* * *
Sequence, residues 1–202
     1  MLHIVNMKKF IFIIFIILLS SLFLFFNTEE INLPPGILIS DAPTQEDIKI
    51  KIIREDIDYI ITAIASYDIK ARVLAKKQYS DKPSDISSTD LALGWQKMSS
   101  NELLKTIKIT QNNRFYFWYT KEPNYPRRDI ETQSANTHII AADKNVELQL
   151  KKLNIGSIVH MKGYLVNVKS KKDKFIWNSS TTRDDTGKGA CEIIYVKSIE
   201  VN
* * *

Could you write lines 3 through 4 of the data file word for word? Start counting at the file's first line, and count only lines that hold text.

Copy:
    51  KIIREDIDYI ITAIASYDIK ARVLAKKQYS DKPSDISSTD LALGWQKMSS
   101  NELLKTIKIT QNNRFYFWYT KEPNYPRRDI ETQSANTHII AADKNVELQL